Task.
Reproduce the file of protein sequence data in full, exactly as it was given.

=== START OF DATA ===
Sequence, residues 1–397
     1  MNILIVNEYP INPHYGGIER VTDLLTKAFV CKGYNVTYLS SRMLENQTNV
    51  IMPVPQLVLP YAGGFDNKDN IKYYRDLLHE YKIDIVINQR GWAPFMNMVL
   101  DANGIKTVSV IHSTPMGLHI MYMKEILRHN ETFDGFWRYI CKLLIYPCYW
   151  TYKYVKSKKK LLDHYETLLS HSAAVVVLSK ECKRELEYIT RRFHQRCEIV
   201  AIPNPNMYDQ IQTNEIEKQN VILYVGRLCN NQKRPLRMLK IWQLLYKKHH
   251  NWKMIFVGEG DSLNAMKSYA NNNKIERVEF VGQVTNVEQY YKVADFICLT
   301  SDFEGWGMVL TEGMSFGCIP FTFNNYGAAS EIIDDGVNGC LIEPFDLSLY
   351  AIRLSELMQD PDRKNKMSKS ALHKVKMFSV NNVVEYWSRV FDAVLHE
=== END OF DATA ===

Sequence, residues 1–397
     1  MNILIVNEYP INPHYGGIER VTDLLTKAFV CKGYNVTYLS SRMLENQTNV
    51  IMPVPQLVLP YAGGFDNKDN IKYYRDLLHE YKIDIVINQR GWAPFMNMVL
   101  DANGIKTVSV IHSTPMGLHI MYMKEILRHN ETFDGFWRYI CKLLIYPCYW
   151  TYKYVKSKKK LLDHYETLLS HSAAVVVLSK ECKRELEYIT RRFHQRCEIV
   201  AIPNPNMYDQ IQTNEIEKQN VILYVGRLCN NQKRPLRMLK IWQLLYKKHH
   251  NWKMIFVGEG DSLNAMKSYA NNNKIERVEF VGQVTNVEQY YKVADFICLT
   301  SDFEGWGMVL TEGMSFGCIP FTFNNYGAAS EIIDDGVNGC LIEPFDLSLY
   351  AIRLSELMQD PDRKNKMSKS ALHKVKMFSV NNVVEYWSRV FDAVLHE